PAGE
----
The Massachusetts House is considering proposed legislation — S. 2054 — that will have a disastrous impact on prison reform within the Commonwealth. If S.2054 passes, the following would happen:
• Parole eligibility for lifers would increase from 15 to 25 years and further crowd our prisons. Increasing parole eligibility from 15 to 25 years will cost nearly a half million dollars per prisoner ($46,000 per prisoner per year + increasing annual costs x 10 years). There is no evidence-based research that has demonstrated that such long sentences prevent crime.
• Mandatory post release supervision would be forced upon all people incarcerated in Massachusetts prisons, thus increasing the revolving door of recidivism. The proposed mandatory post-release supervision could cost approximately $11.6 million per year just for new parole officers. Even greater and uncalculated costs would be incurred through speeding up a former prisoner’s return to prison due to the increased number and kinds of infractions for parole violations under the bill.
• Massachusetts would institute one of the harshest three strikes laws in the country. The bill as now proposed would create even more punitive sentencing than California’s, where 25 percent of prisoners are now incarcerated for 25 years to life.
• Mandatory Minimum Sentences would hardly experience any reforms. The bill relies on a system of harsh and rigid sentences for people convicted of drug offenses. Among other negative consequences, it will mean that prisons will remain packed with prisoners who could be paroled.
• The bill would not allow anyone convicted of a drug offense who is sentenced to mandatory-minimum sentence after the law takes effect to be eligible for parole, work release or earned good conduct credits. This means no progress to the current overly harsh “one size fits all” sentences. As with people convicted of other crimes, those who are convicted of drug offences should have access to work release and earned good conduct credits throughout their sentences.
• The bill does not reduce the school zone from 1,000 feet to 100 feet. Instead it proposes reducing zones just to 500 feet, which will not do enough to offset the “urban penalty” paid by city residents, and will mainly help only those who live in suburban or rural areas. In order to effectively work to shift drug offenses away from protected places such as schools, the zones need to be relatively small in order to effectively move offenses away from protected areas.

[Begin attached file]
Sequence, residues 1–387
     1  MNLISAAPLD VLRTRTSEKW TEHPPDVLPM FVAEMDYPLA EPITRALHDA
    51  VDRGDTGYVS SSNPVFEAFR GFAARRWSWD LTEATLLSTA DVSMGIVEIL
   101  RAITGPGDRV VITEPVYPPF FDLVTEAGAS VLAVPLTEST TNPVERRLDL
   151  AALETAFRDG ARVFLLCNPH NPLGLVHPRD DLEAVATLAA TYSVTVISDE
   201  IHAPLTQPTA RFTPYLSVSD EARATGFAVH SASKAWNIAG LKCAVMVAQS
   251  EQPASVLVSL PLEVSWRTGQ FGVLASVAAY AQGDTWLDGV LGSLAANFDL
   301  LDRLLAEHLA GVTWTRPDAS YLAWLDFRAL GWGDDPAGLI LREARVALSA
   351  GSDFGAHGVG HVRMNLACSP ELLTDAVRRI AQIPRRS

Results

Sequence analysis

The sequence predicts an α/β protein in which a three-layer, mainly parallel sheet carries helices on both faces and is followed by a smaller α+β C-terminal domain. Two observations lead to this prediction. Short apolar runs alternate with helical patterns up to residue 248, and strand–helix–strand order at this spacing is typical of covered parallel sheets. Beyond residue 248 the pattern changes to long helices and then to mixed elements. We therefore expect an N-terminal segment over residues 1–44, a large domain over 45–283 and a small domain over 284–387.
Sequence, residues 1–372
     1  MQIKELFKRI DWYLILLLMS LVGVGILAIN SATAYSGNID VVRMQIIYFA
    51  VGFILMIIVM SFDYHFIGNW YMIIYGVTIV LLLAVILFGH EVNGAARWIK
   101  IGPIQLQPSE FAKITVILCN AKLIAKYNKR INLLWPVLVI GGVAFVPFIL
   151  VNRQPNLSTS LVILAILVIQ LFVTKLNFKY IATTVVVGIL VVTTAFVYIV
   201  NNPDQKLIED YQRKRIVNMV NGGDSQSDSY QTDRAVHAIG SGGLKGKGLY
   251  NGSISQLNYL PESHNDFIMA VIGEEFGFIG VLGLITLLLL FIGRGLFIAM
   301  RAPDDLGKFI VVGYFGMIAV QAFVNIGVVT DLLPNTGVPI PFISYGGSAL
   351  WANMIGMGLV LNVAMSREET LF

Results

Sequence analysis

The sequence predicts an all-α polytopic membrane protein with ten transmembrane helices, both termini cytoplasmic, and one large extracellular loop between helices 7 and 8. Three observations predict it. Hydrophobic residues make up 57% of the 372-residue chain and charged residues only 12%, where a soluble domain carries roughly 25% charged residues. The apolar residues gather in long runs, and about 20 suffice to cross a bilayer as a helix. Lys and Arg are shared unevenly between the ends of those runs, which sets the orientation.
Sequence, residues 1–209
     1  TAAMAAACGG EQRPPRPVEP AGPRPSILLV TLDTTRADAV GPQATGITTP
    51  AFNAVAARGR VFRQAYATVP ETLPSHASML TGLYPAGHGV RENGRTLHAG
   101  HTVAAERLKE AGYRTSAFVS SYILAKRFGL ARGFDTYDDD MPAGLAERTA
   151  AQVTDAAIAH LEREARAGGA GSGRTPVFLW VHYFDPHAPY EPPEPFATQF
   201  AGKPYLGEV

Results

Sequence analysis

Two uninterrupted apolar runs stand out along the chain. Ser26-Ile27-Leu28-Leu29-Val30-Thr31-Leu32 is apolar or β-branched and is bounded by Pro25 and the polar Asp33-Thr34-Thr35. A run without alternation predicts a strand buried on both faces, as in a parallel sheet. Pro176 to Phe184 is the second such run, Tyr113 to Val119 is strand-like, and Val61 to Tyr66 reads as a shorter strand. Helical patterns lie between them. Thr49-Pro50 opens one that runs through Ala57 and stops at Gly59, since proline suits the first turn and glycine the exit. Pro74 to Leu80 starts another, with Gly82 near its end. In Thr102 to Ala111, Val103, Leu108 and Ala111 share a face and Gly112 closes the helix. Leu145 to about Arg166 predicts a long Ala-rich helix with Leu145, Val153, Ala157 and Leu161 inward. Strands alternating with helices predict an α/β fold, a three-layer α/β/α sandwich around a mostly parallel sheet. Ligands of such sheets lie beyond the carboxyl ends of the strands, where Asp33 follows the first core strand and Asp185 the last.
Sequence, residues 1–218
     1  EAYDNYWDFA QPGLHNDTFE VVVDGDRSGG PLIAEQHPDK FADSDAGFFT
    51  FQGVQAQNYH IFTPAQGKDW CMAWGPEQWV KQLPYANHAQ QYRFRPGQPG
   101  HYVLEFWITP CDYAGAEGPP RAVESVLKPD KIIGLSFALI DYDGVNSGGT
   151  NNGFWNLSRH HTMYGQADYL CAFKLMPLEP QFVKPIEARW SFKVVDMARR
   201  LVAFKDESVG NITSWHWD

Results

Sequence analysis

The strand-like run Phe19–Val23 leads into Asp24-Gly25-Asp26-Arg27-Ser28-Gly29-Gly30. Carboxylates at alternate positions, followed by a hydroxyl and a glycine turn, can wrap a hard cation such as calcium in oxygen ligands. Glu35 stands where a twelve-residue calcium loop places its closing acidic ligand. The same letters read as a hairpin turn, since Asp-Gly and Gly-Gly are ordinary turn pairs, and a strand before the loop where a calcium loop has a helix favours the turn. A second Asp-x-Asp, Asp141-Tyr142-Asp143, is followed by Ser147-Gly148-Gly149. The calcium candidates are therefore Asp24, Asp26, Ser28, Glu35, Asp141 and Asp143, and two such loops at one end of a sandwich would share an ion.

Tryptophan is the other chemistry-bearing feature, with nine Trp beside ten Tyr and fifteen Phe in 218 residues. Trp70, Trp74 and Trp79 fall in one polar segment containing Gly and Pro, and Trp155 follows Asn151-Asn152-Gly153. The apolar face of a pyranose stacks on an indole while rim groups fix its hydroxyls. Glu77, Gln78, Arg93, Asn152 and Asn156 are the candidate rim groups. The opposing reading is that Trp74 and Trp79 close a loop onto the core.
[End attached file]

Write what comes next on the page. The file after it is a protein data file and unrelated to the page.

The authors of S. 2054 have not adequately taken into account the following:
• Similar failed policies of other states, such as California, which passed mandatory post-release supervision, while not reforming mandatory minimum drug sentences.
• The combination of these actions, similar to S.2054, caused a prison building boom of 24 new prisons in 25 years.
• The bankrupting of California’s schools, infrastructure and health care as a result of these misguided policies and sentencing practices.
• California is now under a Federal Court order to “realign” their prison population by 30,000 prisoners this year. Is this what we want for the future of Massachusetts?
While other states including New Jersey, New York, Michigan, South Carolina, Arkansas, Texas and Mississippi (and others) have cut prison costs through evidence-based practices, saving hundreds of millions of dollars and reducing crime, Massachusetts is moving backward. Massachusetts taxpayers will foot the bill for decisions made without planning and thorough consideration for the next 20 or 30 years.
The emphasis should be on strategic intervention leading to prevention and rehabilitation. It should include an emphasis on education and job readiness programs. We believe emphasis on education and employment opportunities for former prisoners would enable them to earn some form of income and thus reduce the chances for them to engage in illegal conduct.
As several analysts have concluded, higher education and economic mobility have higher potential to reduce recidivism.
The implications are grave especially for minority communities who comprise the highest amount of those incarcerated in the Massachusetts prison system. Longer sentencing implies more tax payers’ money to feed incarceration, while schools in minority communities are closing. It will lead to more overcrowding in Massachusetts prisons. We categorically reject S. 2054.
Rev. Dr. George Walters-Sleyon is the executive director of The Center for Church and Prison.